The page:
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Observational study
In China the use of analgesics and sedation following paediatric cardiac surgery is variable; average pain scores are reported to be good but over-sedation is common
  1. Anne-Sylvie Ramelet1,2
  1. 1University of Lausanne, IUFRS, Lausanne, Switzerland
  2. 2HESAV, University of Applied Sciences, Western Switzerland
  1. Correspondence to: Professor Anne-Sylvie Ramelet
    University of Lausanne, IUFRS, Rte de la Corniche 10. Lausanne, 1011, Switzerland; Anne-Sylvie.Ramelet{at}

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Implications for practice and research

  • The trajectory of both pain intensity and sedation level is an important consideration when caring for children following cardiac surgery.

  • International standards recommend preventive analgesia should be incorporated into care pathways for children following cardiac surgery.

  • Neuromuscular blockage should be assessed using quantitative valid methods, such as the train-of-four.


The prevalence of pain following cardiac surgery in children remains excessively high worldwide.1 ,2 It is estimated that 70% of children experience moderate to severe pain postcardiac surgery in China. Effective pain management should be a priority in the child's care following surgery.


Bai and Hsu's study aimed to describe the trajectory of pain intensity and sedation level in Chinese children after cardiac surgery. The study was undertaken in a 47-bed cardiac intensive care unit (ICU) within a tertiary hospital for children in China. Children were included in the study if they were between birth and 7 years of age, and had undergone cardiac surgery requiring an ICU stay of more than 2 days. Pain and sedation scores were measured 2 hourly during the 3 consecutive days postcardiac surgery, using the validated Chinese versions of the FLACC and the COMFORT behaviour scale (COMFORT-B), respectively. Assessments were undertaken 1 h after standard procedures such as endotracheal suctioning, respiratory therapy and the administration of medication.


Of the 170 children who participated in the study, 75.3% received neuromuscular blockage agents and 64.1% received analgesia. Continuous intravenous opioid was the analgesia most commonly used (55.9%); 35.9% of children did not receive analgesia. Although 61% of the children were recorded as having a pain score greater than four at least once, the mean pain scores ranged from 1.3 (SD=1.9) to 0.6 (SD=0.9) (F=23.57, p<0.001). Children experienced more pain on the day of surgery than subsequent postoperative days. Analysis of the sedation scores found half of the children (50.3%) were over-sedated and less than 1% of children were under-sedated.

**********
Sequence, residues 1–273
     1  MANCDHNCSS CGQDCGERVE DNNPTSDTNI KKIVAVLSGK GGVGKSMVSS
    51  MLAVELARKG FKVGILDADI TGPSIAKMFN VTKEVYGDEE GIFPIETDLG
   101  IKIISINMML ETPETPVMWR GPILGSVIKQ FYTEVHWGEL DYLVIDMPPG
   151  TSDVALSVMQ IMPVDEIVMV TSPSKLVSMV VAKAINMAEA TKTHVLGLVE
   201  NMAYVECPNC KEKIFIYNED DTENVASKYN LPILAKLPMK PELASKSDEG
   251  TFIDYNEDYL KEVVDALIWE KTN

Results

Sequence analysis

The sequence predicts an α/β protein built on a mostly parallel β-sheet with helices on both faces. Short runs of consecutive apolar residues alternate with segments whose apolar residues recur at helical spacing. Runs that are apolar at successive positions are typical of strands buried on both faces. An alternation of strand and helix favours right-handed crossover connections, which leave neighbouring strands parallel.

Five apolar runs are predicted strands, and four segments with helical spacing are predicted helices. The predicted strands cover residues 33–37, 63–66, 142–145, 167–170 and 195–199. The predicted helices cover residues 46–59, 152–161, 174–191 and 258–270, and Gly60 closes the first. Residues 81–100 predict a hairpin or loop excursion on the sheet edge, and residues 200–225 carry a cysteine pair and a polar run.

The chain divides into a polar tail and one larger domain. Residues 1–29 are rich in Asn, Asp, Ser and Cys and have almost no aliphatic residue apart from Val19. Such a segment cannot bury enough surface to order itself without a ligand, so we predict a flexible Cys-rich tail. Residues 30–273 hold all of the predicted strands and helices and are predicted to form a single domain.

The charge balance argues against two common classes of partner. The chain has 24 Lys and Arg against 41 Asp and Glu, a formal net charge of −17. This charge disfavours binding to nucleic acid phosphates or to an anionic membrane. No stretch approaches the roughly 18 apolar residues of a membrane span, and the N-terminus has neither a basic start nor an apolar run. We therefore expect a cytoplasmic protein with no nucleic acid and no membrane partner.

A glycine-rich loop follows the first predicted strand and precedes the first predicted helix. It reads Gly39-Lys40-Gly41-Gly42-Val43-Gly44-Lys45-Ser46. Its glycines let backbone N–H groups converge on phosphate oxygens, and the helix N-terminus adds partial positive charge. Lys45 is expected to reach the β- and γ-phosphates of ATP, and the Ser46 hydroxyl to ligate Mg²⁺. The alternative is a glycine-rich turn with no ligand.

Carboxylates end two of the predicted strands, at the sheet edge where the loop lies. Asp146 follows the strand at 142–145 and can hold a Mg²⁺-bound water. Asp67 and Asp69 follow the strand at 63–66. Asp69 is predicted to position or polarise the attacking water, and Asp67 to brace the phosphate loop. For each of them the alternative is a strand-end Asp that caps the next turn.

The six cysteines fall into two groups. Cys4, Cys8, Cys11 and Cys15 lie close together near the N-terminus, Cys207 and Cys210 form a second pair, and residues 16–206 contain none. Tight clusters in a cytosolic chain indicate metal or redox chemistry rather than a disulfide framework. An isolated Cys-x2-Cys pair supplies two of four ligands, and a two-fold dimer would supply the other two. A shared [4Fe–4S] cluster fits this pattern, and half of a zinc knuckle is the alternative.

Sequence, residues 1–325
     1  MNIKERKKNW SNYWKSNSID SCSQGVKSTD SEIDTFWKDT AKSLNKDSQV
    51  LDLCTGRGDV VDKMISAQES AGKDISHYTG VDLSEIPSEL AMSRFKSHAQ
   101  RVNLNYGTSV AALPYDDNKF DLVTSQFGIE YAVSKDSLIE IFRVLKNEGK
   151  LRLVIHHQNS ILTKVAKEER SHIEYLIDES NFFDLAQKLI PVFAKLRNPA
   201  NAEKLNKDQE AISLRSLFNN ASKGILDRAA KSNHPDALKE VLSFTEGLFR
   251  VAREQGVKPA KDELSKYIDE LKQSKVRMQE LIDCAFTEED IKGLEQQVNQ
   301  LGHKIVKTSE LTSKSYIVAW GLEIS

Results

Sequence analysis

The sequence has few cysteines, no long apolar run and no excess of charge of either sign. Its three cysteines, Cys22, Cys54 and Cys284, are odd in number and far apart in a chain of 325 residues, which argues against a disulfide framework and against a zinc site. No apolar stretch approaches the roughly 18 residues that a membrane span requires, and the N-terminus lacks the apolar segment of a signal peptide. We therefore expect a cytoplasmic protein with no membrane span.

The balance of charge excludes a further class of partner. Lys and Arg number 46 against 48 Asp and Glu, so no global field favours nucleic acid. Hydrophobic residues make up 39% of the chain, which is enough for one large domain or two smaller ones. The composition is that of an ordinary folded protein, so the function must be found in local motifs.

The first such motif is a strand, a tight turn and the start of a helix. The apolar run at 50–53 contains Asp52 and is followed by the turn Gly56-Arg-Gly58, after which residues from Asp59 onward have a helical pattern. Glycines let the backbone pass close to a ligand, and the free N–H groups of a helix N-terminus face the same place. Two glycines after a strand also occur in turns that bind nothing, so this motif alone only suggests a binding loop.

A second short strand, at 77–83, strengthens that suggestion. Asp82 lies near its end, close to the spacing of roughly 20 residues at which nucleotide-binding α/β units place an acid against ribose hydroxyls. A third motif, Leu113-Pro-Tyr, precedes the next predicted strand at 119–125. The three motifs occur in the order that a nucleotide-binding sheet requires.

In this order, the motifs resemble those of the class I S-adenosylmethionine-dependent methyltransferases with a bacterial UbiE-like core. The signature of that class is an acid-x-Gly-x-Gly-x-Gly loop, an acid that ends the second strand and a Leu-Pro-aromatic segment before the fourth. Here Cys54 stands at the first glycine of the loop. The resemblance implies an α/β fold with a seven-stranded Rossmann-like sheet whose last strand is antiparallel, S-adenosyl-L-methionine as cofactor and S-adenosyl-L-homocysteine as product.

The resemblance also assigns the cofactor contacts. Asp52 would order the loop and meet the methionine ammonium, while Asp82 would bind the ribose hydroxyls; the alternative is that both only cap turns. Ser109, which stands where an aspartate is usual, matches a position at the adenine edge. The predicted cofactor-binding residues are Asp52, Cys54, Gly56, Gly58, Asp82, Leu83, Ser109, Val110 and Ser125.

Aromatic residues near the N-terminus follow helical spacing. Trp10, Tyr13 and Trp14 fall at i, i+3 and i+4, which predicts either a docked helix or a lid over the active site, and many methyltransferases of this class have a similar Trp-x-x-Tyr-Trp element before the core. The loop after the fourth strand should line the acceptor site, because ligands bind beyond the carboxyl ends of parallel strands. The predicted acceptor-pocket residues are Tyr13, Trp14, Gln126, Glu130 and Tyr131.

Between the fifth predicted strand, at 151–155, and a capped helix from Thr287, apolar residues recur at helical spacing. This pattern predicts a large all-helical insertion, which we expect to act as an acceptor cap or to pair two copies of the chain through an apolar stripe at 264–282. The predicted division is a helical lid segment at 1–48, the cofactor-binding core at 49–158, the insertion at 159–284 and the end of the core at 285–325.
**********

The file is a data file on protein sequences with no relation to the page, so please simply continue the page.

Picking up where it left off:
The study addresses important issues relating to the management of postoperative pain in children. Bai and Hsu used standardised methods of translation to develop the Chinese version of the FLACC and the COMFORT-B. The justification for using both tools is unclear, although it is implied that effective sedation contributes to a child's comfort postoperatively. However, the COMFORT-B scale has shown to be useful to assess both pain and sedation.3 To discriminate between the two, Bai and Hsu recommend nurses make their own judgement about the child's pain using a visual analogue scale and the level of sedation using the Nurse Interpretation of Sedation Score.3 ,4 Nurses use a range of factors to interpret pain and sedation scores, such as the child's clinical presentation, current treatment and symptoms, when making clinical decisions about pain and sedation in critically ill patients.5 How nurses interpreted the COMFORT-B score to make decision about treatment is unclear in Bai and Hsu's study.

The study reported overall low mean pain scores, which may be a result of adequate analgesia, over-sedation or residual neuromuscular blockade. First, although the majority of children received analgesics, it is unclear whether additional boluses of analgesics and/or sedatives were administered prior to care interventions. The administration of bolus analgesic could have influenced the results because the assessments were performed 1 h after potentially painful procedures. International standards of best practice would recommend preventive analgesia. Second, over-sedation (COMFORT-B score of ≤10) was reported in a high number of children and may have resulted in low pain scores, since sedative agents can mask pain behaviour. In addition, for the 75.3% of children who received muscle relaxants, pain and sedation assessment was performed 30 min after vecuronium was given. However, residual neuromuscular blockade can remain in the circulation hours after a single dose of intermediate-acting drugs, such as vecuronium.6 Residual neuromuscular blockade will impair ventilation and behavioural responses to pain. Therefore, monitoring of neuromuscular blockade in ICU should not be undertaken based on drug half-life, but assessed using quantitative valid methods, such as the train-of-four test. In the train-of-four test, absence of neuromuscular blockade would be indicated if four equal muscle contractions were observed following four consecutive stimuli delivered along the path of a nerve. In summary, the results of the Bai and Hsu study should be interpreted with caution.

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  • Competing interests None.

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